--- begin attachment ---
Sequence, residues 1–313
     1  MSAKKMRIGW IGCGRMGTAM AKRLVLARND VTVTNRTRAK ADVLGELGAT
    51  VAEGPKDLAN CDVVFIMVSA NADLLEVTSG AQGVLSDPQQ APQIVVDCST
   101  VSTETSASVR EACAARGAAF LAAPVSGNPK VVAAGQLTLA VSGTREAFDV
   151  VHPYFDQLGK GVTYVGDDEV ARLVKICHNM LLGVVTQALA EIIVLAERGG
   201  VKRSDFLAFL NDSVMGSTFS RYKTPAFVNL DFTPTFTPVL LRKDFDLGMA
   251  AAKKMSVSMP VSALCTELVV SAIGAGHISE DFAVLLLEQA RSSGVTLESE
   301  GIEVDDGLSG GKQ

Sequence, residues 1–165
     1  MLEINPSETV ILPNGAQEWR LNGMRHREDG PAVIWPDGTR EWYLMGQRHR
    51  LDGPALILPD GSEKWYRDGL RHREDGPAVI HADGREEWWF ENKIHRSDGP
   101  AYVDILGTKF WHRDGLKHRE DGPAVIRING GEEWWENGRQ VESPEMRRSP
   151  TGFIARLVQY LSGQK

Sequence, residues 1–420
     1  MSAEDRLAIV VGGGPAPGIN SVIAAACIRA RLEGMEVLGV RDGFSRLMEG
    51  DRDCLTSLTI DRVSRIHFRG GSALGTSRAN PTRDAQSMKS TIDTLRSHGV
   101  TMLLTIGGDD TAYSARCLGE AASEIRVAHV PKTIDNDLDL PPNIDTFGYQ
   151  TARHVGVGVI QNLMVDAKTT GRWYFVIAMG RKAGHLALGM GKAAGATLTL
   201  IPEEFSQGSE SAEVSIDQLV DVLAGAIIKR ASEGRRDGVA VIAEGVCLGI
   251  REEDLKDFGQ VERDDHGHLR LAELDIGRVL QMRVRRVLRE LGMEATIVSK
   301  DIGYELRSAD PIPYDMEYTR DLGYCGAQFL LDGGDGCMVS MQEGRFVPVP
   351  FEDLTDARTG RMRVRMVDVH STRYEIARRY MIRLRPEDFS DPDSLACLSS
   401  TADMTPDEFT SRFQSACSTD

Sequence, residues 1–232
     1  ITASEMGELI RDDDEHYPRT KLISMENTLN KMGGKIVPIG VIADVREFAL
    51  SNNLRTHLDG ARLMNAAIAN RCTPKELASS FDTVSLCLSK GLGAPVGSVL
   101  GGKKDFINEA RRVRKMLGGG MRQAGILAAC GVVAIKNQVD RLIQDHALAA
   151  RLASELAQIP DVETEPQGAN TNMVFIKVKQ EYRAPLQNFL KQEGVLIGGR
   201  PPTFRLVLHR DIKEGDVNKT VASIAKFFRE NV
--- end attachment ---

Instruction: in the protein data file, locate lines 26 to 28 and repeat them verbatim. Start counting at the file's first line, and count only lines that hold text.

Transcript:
    51  SNNLRTHLDG ARLMNAAIAN RCTPKELASS FDTVSLCLSK GLGAPVGSVL
   101  GGKKDFINEA RRVRKMLGGG MRQAGILAAC GVVAIKNQVD RLIQDHALAA
   151  RLASELAQIP DVETEPQGAN TNMVFIKVKQ EYRAPLQNFL KQEGVLIGGR